Dunwoody police issued a warning about pine straw dealers trying to scam homeowners, one week after the FOX 5 I-Team exposed a similar group operating all over the metro area.
The scam involves offering cut-rate prices for the delivery and distribution of pine straw. But once the crew arrives, they inflate the number of actual bales they claim they put down, sometimes doubling the true number. The result: a homeowner winds up spending far more than what legitimate pine straw dealers would charge.
After we caught Today's Pinestraw in Marietta trying to pull the Pine Straw Scam on us, owner Corey Liptrot told us by phone he immediately dismissed those two workers.
Turns out, Liptrot has his own questions to answer.
During our undercover investigation, we spotted Liptrot driving a pickup truck loaded with pine straw to another house in the same neighborhood.
He charged that homeowner for 100 bales of pine straw, and even had 10-11 bales left over in his truck.
"Do you think you got 100 bales?" Randy asked that homeowner.
"Absolutely not," said Kem Williams.
In fact, Williams looked around his yard and saw a recently-laid orange cable line still visible through what was supposed to be a full layer of new pine straw.
Then we showed him that picture of a truck the owner claimed just delivered 100 bales. Williams told the Better Business Bureau he thinks he got no more than 60.
"I definitely believe that I was ripped off," said Williams.
Liptrot told us by phone he was headed out of state but insisted he delivered 100 bales the day we saw him.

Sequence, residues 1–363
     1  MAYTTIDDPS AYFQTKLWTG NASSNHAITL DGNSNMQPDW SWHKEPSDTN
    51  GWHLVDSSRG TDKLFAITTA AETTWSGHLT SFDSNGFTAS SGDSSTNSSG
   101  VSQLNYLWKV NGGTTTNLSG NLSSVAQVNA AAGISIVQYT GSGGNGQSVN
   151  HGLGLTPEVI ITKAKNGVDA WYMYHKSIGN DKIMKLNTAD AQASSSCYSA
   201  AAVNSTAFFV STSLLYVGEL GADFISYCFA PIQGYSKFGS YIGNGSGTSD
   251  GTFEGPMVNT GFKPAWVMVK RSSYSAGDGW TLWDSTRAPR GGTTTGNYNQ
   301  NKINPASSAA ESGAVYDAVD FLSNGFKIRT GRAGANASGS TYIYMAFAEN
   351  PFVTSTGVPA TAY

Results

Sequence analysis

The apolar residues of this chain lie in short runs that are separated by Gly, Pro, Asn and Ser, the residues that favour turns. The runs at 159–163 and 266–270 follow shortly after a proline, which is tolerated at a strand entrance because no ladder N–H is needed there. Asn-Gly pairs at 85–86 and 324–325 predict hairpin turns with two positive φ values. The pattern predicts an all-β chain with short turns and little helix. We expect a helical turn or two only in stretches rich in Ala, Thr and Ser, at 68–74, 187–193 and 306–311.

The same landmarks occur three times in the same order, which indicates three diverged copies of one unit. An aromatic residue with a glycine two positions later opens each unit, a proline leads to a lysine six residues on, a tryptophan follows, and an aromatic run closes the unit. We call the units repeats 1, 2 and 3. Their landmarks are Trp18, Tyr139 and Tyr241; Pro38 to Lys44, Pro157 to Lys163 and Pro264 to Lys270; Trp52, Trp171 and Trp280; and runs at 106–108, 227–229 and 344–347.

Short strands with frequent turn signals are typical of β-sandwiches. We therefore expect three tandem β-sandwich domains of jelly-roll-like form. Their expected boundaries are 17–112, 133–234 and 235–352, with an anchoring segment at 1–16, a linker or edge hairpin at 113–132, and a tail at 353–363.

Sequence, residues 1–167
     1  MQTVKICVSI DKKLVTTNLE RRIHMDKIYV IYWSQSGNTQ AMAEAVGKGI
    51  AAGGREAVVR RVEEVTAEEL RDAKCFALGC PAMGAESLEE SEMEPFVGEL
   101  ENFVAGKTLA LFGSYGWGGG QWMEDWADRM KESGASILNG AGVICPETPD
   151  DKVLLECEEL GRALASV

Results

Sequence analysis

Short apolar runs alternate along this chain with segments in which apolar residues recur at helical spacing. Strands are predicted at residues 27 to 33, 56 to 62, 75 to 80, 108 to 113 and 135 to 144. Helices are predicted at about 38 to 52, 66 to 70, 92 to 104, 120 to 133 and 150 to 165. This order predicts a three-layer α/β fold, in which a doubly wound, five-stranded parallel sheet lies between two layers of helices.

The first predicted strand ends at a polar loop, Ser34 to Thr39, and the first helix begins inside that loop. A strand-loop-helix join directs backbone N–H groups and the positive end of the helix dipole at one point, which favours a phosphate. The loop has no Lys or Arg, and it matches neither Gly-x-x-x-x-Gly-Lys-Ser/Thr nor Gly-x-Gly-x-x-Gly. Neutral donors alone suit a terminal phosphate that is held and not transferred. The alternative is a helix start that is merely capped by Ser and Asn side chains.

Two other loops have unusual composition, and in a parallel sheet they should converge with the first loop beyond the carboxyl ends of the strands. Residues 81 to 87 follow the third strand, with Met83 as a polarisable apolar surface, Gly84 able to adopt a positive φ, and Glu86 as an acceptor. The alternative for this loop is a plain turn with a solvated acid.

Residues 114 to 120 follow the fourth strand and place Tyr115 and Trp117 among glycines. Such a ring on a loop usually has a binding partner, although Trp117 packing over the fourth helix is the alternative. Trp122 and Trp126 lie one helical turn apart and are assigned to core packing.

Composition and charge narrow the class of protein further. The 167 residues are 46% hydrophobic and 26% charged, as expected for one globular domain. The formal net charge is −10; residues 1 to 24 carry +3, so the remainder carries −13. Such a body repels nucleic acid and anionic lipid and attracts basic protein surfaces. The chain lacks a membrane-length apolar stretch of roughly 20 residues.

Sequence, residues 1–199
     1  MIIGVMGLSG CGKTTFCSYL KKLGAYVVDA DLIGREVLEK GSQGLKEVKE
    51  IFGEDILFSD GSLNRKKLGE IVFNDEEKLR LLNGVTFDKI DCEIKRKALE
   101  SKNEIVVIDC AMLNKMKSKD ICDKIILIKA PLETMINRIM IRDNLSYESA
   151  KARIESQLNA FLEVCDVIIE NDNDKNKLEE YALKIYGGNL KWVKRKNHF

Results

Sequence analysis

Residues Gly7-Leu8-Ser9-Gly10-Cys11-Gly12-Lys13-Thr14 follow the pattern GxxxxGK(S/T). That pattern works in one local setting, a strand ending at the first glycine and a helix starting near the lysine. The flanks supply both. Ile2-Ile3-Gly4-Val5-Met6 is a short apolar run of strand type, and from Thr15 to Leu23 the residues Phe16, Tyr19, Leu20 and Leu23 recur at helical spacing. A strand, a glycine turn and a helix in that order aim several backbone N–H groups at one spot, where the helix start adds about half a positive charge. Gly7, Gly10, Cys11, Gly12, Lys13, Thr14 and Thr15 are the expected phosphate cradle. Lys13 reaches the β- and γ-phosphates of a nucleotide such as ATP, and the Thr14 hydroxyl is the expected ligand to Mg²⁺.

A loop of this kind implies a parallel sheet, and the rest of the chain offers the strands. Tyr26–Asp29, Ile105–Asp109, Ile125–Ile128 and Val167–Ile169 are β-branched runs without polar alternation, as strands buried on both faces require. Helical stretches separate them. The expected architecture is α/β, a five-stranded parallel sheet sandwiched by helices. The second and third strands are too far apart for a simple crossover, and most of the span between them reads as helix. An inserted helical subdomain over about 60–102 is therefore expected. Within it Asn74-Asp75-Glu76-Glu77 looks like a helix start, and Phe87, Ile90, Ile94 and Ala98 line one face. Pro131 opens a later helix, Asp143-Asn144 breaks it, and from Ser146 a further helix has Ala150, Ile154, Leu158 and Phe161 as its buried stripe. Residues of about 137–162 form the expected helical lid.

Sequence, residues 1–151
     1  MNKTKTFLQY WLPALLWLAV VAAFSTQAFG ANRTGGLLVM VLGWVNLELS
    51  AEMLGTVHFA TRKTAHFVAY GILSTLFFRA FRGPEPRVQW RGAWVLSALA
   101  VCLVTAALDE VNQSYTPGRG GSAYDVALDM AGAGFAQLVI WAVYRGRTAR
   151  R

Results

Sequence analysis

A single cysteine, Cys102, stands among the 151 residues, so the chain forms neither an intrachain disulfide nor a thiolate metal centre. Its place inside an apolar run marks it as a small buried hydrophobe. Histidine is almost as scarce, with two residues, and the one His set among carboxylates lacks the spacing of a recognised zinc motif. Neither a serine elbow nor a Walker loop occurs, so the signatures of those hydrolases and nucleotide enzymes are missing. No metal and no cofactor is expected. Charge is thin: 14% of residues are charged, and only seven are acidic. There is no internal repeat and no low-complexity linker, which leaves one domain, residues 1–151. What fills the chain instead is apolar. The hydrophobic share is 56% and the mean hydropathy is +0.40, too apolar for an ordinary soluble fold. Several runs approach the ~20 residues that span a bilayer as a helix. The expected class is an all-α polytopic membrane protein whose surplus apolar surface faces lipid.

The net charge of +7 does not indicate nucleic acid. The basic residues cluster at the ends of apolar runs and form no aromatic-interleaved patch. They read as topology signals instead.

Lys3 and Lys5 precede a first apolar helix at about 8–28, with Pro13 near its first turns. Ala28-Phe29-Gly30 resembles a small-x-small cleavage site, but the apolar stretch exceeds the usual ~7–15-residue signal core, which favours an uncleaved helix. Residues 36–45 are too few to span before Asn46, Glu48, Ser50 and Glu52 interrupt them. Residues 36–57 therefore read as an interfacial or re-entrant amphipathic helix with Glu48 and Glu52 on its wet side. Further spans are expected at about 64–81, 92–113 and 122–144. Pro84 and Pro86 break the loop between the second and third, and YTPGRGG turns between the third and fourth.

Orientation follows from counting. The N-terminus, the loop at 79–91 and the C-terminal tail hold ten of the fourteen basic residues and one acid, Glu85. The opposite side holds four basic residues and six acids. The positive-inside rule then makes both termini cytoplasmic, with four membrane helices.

Could you really fit more than 100 bales of pine straw in a Ram 1500 with a 5-foot 7-inch short bed?
We asked the folks at Rick's Farmers Market in Marietta to use a similar size truck and pack the bales as high as they could.
Their final number: 81 bales. And the truck was packed a lot higher than what we saw Today's Pinestraw owner driving that day.
"There's no way they're going to get 100-110 on this size truck," said Jeff Champion of Rick's Farmers Market.
Today's Pinestraw owner Liptrot says he pays his people $1 for each bale delivered and spread. At $4.50 a bale, it's one of the lowest prices in town -- as long as no one tries to double the actual number of bales you really get.
"It sounds like a great deal," said Champion. "I'd let them spread it for me for 4.50 if they'd be honest!"
Liptrot insists he is honest and claims he told two of those workers who misled us not to come back to work.
"I said I'm not saying you guys are ripping me off but I said I kind of feel like I'm getting ripped off here," said homeowner Cindy Burke.
After she noticed spotty coverage around her yard, Cindy Burke told the Better Business Bureau the same guys shorted her on pine straw, too. She's asking the same question as a lot of other homeowners these days.
"Should I have counted?" Burke asked Randy.
"I don't know," Randy said. "Should you have?"
"Should I have? I probably should have," she admitted.